State and local governments in Washington spent more than $60 million in a recent 12-month period complying with public-records requests, a new report says.
OLYMPIA — State and local governments in Washington spent more than $60 million in a recent 12-month period complying with public-records requests, according to a new report.
That cost, along with an increase in requests and the explosion of digital data, is making it more difficult for state and local governments to provide records, according to the report by the Washington state Auditor’s Office.
Typical requests include government records like emails, police reports, meeting minutes and contracts.
When Washington’s Public Records Act was enacted in 1972, such technologies as email, cellphones, police dashboard cameras and computer databases didn’t exist.
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Those advances, along with the explosion of information and costs to store, secure and organize data, have increased the burden on agencies, according to the report, which was released Monday.
“Such challenges, if not addressed, may undermine the original intent of public records laws and the provision of essential government services,” according to the report’s executive summary.
But Toby Nixon, president of the Washington Coalition for Open Government, said he worries that the report could be used to weaken the state’s records laws.
Nixon cites the report’s suggestions that government agencies be able to charge for records, or consider distinctions that might classify some requests as burdensome.
“The records are owned by the people, and we have a right to see them,” said Nixon. Government entities can also better use existing tools to reduce their costs, he added.
According to the report, more than 90 percent of the cost to government to fulfill public-records is paying for staff to find, review and prepare the records.
Meanwhile, between 2011 and mid-2015, the average number of records requests increased by more than one-third among governments that returned a survey for the report.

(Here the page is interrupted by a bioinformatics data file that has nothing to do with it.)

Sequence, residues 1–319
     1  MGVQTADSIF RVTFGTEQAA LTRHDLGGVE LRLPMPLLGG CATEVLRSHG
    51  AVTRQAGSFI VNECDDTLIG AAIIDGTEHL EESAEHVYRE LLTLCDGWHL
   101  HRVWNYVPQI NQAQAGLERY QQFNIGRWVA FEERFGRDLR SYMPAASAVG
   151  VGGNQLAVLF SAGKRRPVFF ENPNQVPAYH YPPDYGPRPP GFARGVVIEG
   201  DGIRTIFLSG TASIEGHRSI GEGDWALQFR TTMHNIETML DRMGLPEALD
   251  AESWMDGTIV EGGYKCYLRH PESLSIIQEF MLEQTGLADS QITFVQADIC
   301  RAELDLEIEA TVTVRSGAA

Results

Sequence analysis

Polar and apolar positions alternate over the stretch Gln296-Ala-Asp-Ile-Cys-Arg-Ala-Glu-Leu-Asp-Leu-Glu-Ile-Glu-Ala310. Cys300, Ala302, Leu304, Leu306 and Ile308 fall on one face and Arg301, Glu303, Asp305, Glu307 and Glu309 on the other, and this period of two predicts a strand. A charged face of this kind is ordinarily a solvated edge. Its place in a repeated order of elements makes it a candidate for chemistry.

Among other recommendations, the report suggests that governments disclose more records to begin with, reducing the need for requests in the first place. Nixon said this could work with records such as government ordinances, resolutions and building permits.
Another idea is to create an alternative dispute process for disagreements over records, which could keep some cases out of court and reduce litigation costs.
State legislators should also make records laws less complex to ease the process, according to the report.
Meanwhile, a group of stakeholders is working to find ways to draft model public-records laws to help small towns and government entities better manage public-records law, according to Nixon.
Rep. Sam Hunt, D-Olympia and chairman of the House State Government Committee, described the challenges as “an issue we’ve been fighting for at least 10 years.”
Despite proposed bills and work groups, there hasn’t yet been consensus among lawmakers, government agencies and advocacy groups such as the Coalition for Open Government to make major fixes, Hunt said.
“I realize it’s a huge problem,” said Hunt, adding later: “It’ll be an issue in the 2017 Legislature again, for sure.”
For its report, the Auditor’s Office surveyed 2,363 state and local governments — 923 of whom participated. Since most larger government entities responded, the survey captured data for most of Washington’s residents, according to the report.
For instance, the responding towns and cities represent nearly four out of five Washington residents living in such areas.